05/21/2013 05:46 pm ET Updated Jul 21, 2013

What Entrepreneurs Can Learn From Lebron James

As the National Basketball Association (NBA) playoffs reach a conclusion, there is a key insight that entrepreneurs should take from watching Miami Heat star Lebron James: even with unparalleled talent, you must continue to add to your skill set.

James is widely considered the best basketball player in the NBA, recently collecting his fourth Most Valuable Player award, tying him for fourth all-time. James' style of play could be considered entrepreneurial in that he leads his organization while wearing many different hats, both offensively and defensively. And while James won Rookie of the Year and was incredibly effective in his first NBA season, he has needed to improve his game and develop new skills in order to dominate in the manner that he does today. Here are two examples:

Added Low Post Moves
After losing the 2011 NBA Championship, James worked out with Hall of Fame center, Hakeem Olajuwon, to become more effective in the low post. Since then, he has recorded the highest field goal percentages of his career, 53% (2012) and 57% (2013).

Improved Outside Shooting
To become a more complete offensive threat, James has become a better 3-point shooter. Comparing this past regular season to his rookie season, his 3-point shooting has improved an astounding 41%, going from 29% in 2004 to 41% in 2013.

Like James, entrepreneurs tend to be supremely talented in one or more areas, but they must build upon their foundation of skills and add new ones in order to ensure success.

In his book, The Startup of You, famed entrepreneur and investor Reid Hoffman describes this approach as "permanent beta," stating,

"In the same way entrepreneurs are always improving and investing in their products, you need to always be improving and investing in yourself."

In general, entrepreneurs possess the courage to strike out on their own. They have confidence to believe that they can do something better than everyone else. They employ salesmanship to convince others to buy into their vision and join their companies. Entrepreneurs must take full advantage of their existing strengths but also develop additional skills.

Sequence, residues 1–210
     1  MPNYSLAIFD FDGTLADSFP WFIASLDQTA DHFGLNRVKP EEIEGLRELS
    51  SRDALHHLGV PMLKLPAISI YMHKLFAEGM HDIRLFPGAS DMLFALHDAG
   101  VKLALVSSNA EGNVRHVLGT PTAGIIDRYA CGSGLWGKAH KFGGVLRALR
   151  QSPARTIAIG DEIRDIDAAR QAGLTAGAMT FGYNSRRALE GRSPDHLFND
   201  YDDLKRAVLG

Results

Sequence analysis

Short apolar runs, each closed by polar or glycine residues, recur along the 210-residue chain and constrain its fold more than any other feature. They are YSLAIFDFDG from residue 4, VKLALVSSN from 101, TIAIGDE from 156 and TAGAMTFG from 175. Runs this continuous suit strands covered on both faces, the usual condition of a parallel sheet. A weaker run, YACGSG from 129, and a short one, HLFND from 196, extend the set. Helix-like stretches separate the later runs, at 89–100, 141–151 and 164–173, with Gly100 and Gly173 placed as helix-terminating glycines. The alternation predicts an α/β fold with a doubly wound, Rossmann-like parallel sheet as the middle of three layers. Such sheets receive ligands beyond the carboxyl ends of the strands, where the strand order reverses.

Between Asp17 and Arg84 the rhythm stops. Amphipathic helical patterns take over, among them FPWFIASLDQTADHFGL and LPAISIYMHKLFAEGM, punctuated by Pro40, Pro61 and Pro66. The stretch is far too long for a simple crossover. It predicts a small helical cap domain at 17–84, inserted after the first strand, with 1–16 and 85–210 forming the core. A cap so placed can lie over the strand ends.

Be Strategic

When choosing which skills to add, entrepreneurs should take a calculated approach in order to derive maximum benefit.

First, assess your company and determine your areas of greatest need. Based on those needs, in which categories do you think you can best excel or which ones excite you most? For example:

• If you are a nontechnical entrepreneur with sales expertise but your business is struggling to attract new customers, can you add marketing and lead generation skills to your arsenal?

• If you are a technical founder with web development expertise but the majority of your customers have begun accessing your product on smart phones, can you add mobile application development to your arsenal?

Unlike employees of larger, more established companies, entrepreneurs usually can't rely on the expertise of another department. Sales, marketing, design, financial analysis, project management, mobile development, or system architecture, what skills can you add to your "game?" Always ask, what else you can do to help your company prosper? Similar to how James sought out Olajuwon, are there any experts that you can seek out? Are there books you can read or videos you can watch online? Are there events you can attend?

Be Relentless

Lebron James built upon his strong foundation of skills and worked diligently to develop other assets. Upon winning Sports Illustrated Sportsman of the Year in 2012, he said,

"I do what I do because I love it and I want to continue to get better at it."

Similarly, most entrepreneurs love what they do and are relentless in their desire to improve. To yield maximum results for yourself and subsequently your company, invest in yourself and add to your skill set continuously.